Maldives : 2 Weeks In Paradise



I met my mom for two weeks in the Maldives. We wanted to visit 2 of the islands, and decided one in the north and one in the central part. The Maldives has 1200 islands stretching over 850 Km. With 200 inhabited it would take you almost three years to see them all if you just spent one day at each.



HANIMAADHOO ISLAND


This was our first stop! We reached this newly opened Island (to tourists) after a 45-minute flight from Male. Up until November, this was only populated by locals. It now has one resort on the island that allows up to 100 visitors to visit per day. From a backpacker viewpoint, I loved this island. I liked how there was a resort on the island, but then the other half was inhabited by locals. If you wanted to get a feel for the locals and see the village you could take bikes and ride around in town. There're a few shops and a couple of local restaurants serving up delicious Maldivian dishes for cheap ($1.50 a plate!). The resort was beautiful and even though it was buffet style for the meals, we had flavors of Maldivian dishes. Local women would come twice a week to teach the guests how to cook traditional dishes. Everything they cooked was so flavorful and not like anything I’ve tasted so far in my travels. One of the ladies invited me back to her home for a cooking class, which was actually just lunch, but she and her mom made me a huge spread and even gave me a bunch to take back to the resort. The Maldives is a strict Muslim country, and since this island has locals living in the village, there’s no alcohol allowed even at the resort. It wasn’t a big deal, but we found out our resort owned a decommissioned “floating bar” sailboat in the middle of the ocean where we could take a free speed boat out to watch the sunset and get a mojito. So we went to check it out, and it was incredible! The boat is beautiful and the sunset gorgeous. After a week here, we didn’t want to leave, the beach and water were so inviting!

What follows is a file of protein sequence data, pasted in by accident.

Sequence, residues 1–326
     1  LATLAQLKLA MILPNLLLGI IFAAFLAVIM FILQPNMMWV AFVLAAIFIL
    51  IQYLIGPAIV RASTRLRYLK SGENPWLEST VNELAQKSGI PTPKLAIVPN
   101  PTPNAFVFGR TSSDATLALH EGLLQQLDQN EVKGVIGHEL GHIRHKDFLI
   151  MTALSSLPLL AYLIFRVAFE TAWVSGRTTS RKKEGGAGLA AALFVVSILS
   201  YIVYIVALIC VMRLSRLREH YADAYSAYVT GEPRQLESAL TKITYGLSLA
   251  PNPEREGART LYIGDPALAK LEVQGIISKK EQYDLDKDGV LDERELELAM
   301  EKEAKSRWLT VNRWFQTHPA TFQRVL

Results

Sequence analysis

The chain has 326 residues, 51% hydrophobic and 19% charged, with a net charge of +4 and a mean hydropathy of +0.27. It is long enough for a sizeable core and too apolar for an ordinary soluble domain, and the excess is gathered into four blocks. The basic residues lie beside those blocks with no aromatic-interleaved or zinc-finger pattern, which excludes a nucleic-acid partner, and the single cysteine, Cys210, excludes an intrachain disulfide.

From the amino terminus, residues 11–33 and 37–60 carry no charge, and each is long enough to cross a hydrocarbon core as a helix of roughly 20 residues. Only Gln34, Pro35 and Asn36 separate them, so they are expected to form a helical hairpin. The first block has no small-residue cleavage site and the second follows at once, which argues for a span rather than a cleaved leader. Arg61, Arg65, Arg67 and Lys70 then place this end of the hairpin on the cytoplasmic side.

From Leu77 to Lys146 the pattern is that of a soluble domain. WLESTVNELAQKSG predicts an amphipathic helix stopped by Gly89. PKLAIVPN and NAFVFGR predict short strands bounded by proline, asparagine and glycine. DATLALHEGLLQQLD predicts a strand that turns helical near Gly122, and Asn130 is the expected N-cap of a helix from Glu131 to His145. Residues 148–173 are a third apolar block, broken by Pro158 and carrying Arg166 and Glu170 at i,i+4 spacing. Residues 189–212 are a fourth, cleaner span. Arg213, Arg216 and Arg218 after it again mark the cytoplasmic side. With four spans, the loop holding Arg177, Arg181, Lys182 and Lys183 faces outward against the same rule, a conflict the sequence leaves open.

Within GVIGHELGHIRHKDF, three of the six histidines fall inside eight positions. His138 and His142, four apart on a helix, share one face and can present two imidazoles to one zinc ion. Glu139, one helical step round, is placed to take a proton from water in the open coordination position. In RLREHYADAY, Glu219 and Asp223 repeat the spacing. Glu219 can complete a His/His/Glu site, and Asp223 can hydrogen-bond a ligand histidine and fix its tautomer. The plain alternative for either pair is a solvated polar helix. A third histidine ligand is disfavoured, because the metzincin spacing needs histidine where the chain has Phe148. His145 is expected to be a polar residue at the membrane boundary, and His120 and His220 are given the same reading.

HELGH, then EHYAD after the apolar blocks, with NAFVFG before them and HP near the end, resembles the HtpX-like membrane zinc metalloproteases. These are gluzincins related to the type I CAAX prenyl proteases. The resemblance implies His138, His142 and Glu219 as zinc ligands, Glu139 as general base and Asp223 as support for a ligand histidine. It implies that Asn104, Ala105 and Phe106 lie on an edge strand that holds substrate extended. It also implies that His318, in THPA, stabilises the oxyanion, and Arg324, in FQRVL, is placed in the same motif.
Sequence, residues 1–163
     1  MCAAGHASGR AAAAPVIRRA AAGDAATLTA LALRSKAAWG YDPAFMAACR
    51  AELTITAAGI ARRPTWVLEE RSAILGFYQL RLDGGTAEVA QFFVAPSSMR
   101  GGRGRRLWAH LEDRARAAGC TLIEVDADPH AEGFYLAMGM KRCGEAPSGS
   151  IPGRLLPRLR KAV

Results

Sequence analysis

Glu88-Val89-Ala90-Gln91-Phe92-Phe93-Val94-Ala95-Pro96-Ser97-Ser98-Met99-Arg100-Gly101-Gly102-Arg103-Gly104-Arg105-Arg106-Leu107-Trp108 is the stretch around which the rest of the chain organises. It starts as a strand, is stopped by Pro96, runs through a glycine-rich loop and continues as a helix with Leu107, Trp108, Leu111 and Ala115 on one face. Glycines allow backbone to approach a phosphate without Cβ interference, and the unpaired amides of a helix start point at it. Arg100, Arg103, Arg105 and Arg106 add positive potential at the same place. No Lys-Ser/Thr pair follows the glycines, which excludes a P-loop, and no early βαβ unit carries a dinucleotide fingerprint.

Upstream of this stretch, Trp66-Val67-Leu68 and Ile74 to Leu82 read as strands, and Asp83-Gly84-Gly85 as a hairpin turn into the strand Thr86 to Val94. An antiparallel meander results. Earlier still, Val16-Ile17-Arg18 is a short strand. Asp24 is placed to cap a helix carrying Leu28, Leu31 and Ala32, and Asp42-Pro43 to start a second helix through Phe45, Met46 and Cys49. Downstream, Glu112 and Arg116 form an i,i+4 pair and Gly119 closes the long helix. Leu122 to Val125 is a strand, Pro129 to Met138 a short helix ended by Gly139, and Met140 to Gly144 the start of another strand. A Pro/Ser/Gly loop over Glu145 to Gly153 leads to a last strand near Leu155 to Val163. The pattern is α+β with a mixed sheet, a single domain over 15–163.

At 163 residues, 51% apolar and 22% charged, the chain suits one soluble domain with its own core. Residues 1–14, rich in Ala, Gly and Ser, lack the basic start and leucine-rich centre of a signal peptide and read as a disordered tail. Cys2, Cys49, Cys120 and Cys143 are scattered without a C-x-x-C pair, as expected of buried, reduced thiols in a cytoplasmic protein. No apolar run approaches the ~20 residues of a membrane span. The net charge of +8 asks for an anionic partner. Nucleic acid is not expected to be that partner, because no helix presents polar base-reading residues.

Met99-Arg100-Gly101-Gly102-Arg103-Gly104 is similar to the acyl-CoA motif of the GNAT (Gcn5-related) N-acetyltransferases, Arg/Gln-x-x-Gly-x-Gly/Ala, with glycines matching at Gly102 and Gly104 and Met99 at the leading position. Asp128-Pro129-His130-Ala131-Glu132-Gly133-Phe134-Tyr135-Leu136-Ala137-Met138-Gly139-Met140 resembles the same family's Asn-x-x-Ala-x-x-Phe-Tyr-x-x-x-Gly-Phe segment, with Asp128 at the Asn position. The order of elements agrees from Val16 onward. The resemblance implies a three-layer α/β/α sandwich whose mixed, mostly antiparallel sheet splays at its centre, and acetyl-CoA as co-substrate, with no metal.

KANDOOMA ISLAND


After our week up north and a flight back to Male, we jumped on another 45-minute ride down south but this time in the form of a private speedboat for just the two of us. The Holiday Inn Resort owns Kandooma Island, which is where we stayed for our second week. We got our room free for the week on points and were upgraded to a beachside villa. Score! A very different feel from the first resort, this was very westernized with only a couple Maldivian dishes and a rooftop bar. Our room had a private beach and balcony with a view of the ocean where we could snorkel, and we had a BBQ dinner out on the beach in front of our place one night where the chef came and cooked up our five-course meal right there for us. So many activities to do from water sports to scuba diving. I did one day of diving, and we both did a snorkel trip. The underwater world is just in such a sad state here as you’ll see in the next section.




STATE OF THE OCEAN


Being a diver, I was so excited to do a few days of diving, in the Maldives! When you look online, you see all these colorful pictures of the reef and fish, but this isn't the full story. Once I saw how depressed the waters were, I only winded up doing two dives on Kandooma. The water temperatures are up to almost 90F. All the coral is bleached, and sea life is struggling to survive. Up north in Hanimaadhoo there were hundreds of blue triggerfish washed up on shore and floating lifeless in the water. We are seeing water warming all over the world, but witnessing this up-close hits home and is just heartbreaking. I feel for the sea-life and feel helpless on what I can do to help them as this is a world problem that needs to be addressed and another post for later…



LITTER IN MALDIVES


Trash is another issue. You don’t see it on the resort grounds, but outside the resort, in the villages and even at the airport, the streets and beaches are littered with trash. The villages don’t have the means to ship their garbage off the island so they just throw it on the ground and burn what they can. The resorts send their waste to one island that is dedicated to burning trash 24 hours a day. Plastic bottles, paper, tin, you name it they’ll burn it. So the pictures you see online are only half the story, and this part doesn’t get publicized as much.



I have mixed emotions about the Maldives. Here you are in the middle of paradise and from afar it all looks gorgeous and pristine. But then you go to islands inhabited by villagers, and you see the way the locals live with all the trash. And don’t get me started on the state of the underwater world again. Out of the 26 atolls, there are two that aren’t nearly as affected as the rest with water warming. I didn't get to go to them, but maybe someday.



 

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©2014-2020 by Robyn Hartzell Photography